At Amazon, Deep Discounts Take 5% Off Stock

The online bookseller's discount plan for bestsellers hasn't pleased investors so far. Plus, CNet defies the negative tech trend.
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SAN FRANCISCO -- The question continues to pop up: Are Internet stocks due for a correction? And, if so, will it be longstanding?

The pattern of recent has been for the sector to correct following first-quarter earnings reports, which, for the most part, have now concluded. But there's also been a tendency for buyers to step in on any setback, which often limits the effect of any potential correction.

This time, there's a wild card as well: higher interest rates, which are the last thing you want too see if you're a company that is trying to grow into a sky-high valuation.

Net-sector analysts lately appear to be divided on the correction issue. In his weekly Web report on Friday,

BancBoston Robertson Stephens

analyst Keith Benjamin said he sees Internet stocks taking a 25% hit after this week's two big events --

Lycos'

(LCOS)

earnings report on Tuesday and

America Online's

(AOL)

meeting with investors on Wednesday.

Donaldson Lufkin & Jenrette

analyst Jamie Kiggen has taken the other side of the argument. In a research note on AOL released this morning, Kiggen wrote that "tremendous seasonal strength in the second half of the year should really jump-start the sector, but don't wait too long to own them for the obvious (but undoubtedly major) catalyst."

Today, though, the Internet mood has been decidedly sour, and the only catalyst seems to be the prospect of higher interest rates, especially with the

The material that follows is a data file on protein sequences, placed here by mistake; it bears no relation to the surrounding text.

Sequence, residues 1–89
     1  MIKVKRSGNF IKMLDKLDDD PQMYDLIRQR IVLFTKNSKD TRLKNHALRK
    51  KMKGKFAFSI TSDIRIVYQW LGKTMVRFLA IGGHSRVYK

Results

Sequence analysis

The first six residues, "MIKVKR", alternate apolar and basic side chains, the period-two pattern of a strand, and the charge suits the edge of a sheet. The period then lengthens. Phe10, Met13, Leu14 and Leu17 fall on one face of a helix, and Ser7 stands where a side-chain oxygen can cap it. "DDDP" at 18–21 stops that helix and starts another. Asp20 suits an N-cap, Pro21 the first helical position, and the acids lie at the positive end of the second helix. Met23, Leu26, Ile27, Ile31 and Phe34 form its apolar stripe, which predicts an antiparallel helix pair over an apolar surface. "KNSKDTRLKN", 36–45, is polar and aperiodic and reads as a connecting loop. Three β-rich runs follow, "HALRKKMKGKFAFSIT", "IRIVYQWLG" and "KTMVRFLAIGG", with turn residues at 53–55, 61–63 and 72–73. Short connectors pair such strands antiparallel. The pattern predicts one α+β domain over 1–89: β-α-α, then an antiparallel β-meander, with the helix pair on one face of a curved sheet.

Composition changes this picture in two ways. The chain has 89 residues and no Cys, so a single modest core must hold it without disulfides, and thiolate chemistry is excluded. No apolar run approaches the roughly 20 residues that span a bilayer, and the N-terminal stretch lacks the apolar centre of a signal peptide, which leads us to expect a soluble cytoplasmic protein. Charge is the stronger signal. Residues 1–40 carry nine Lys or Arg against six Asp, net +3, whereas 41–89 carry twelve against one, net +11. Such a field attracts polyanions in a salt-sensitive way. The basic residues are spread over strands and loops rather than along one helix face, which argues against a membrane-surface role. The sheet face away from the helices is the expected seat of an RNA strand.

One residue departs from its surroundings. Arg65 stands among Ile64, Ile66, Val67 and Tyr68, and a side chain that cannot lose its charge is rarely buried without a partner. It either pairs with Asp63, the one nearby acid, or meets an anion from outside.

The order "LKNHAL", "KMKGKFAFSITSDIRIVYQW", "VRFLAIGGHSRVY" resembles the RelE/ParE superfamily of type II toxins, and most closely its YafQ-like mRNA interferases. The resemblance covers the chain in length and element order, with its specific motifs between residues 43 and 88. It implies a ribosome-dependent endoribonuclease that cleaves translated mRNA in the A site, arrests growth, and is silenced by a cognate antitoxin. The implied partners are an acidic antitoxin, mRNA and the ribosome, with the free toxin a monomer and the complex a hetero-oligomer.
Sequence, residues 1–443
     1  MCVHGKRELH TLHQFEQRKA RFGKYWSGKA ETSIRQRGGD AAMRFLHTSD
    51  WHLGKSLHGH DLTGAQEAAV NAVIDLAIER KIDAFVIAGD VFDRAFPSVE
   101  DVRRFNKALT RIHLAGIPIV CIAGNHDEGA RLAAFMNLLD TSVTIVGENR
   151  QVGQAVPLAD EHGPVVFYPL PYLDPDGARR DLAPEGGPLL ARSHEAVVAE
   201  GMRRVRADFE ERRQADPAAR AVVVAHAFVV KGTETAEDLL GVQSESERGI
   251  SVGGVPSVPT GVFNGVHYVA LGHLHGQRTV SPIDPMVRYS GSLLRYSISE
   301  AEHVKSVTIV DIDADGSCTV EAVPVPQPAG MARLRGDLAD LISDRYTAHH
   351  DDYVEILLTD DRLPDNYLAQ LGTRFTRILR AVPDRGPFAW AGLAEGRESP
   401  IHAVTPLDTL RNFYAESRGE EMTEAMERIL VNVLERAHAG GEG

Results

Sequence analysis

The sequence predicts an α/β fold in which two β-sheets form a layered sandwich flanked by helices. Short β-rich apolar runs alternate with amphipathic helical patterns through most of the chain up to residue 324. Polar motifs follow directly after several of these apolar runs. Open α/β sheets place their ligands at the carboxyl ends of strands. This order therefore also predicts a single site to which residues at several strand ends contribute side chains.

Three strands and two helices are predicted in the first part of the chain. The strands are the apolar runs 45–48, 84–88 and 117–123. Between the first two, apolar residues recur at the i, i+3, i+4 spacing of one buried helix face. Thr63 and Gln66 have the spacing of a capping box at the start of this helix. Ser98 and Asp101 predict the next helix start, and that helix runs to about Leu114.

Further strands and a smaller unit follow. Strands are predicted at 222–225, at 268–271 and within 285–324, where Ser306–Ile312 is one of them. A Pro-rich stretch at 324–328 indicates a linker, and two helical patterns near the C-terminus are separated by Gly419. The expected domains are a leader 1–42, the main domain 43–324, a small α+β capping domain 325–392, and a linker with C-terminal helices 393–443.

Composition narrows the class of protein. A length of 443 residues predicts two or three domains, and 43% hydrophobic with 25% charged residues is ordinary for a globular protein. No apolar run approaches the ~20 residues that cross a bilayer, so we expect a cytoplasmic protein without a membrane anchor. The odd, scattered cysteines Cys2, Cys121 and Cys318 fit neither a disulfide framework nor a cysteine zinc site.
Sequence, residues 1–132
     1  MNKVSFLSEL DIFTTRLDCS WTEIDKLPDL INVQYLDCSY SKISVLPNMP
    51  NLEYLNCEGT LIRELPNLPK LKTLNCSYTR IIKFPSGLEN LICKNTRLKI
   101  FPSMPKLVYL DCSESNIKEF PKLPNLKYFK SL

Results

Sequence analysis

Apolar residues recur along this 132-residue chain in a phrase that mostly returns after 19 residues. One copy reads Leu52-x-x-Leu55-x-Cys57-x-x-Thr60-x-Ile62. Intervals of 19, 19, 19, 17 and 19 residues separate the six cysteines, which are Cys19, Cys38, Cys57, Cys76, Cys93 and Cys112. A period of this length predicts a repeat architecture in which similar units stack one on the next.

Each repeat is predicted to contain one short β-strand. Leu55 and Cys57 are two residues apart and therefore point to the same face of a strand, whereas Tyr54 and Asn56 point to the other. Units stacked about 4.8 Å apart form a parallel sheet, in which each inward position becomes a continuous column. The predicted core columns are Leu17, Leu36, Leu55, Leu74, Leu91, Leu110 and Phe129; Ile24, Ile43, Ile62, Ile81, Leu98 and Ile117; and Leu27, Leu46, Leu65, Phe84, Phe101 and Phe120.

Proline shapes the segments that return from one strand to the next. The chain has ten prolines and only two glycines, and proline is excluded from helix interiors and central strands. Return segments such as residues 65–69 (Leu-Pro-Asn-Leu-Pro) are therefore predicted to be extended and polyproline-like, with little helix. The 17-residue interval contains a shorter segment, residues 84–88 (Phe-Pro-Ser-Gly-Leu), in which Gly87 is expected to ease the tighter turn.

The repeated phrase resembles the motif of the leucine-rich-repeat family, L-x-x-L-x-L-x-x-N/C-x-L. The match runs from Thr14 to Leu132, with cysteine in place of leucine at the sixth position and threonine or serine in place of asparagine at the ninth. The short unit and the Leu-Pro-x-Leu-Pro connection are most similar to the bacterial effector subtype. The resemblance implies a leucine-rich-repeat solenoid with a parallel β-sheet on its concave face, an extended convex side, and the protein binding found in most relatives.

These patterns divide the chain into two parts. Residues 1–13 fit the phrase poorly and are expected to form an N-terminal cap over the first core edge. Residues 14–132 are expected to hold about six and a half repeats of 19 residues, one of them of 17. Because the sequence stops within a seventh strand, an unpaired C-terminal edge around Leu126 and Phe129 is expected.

Fed

meeting on Tuesday.

And while the Net sector has been seeing losses across the board in today's session,

Amazon.com

(AMZN) - Get Report

has received a singularly hard drubbing, plunging 7 1/2, or 5.6%, to 124 7/8. The company said it would begin selling books from

The New York Times

bestseller list at a 50% discount, and that may be adding to fears about when it will be profitable, concerns that were

rekindled following its most recent earnings report.

In a note penned earlier today,

Credit Suisse First Boston

downplayed fears that the move will cut into Amazon's revenue. CSFB estimated that sales of bestseller titles "account for no more than 2% to 3%" of Amazon's sales, and the firm made no change to its revenue estimates for the company. CSFB wrote it suspects that "this move is a warning shot across the bow of new price-based competitors (like

Buy.com

) that Amazon can and will play hardball."

In the same note, CSFB said that Internet stocks will "remain volatile and particularly risky" for those seeking short-term gains. Investors with a long-term horizon (of greater than 12 months) "should use these periods of weakness to accumulate shares of Amazon," the firm said.

CNet

(CNET) - Get Report

has defied the downward trend plaguing the tech sector today, likely benefiting from news that its

Snap!

division, which is co-owned by

NBC

, has entered into an agreement with

RealNetworks

(RNWK) - Get Report

to make Snap! the exclusive search feature on the RealNetworks RealPlayer G2.

CNet was up 2 5/16, or 2%, at 118 9/16. RealNetworks was trading down 6 3/8, or 7%, at 82 5/16, but that may be in reaction to earlier news that the company has filed to offer 4 million shares of stock.

Internet stocks?

Interest rates rising -- get out.

Interest rates, schminterest rates -- buy.

Waiting for a correction.

June quarter will be strong -- get in.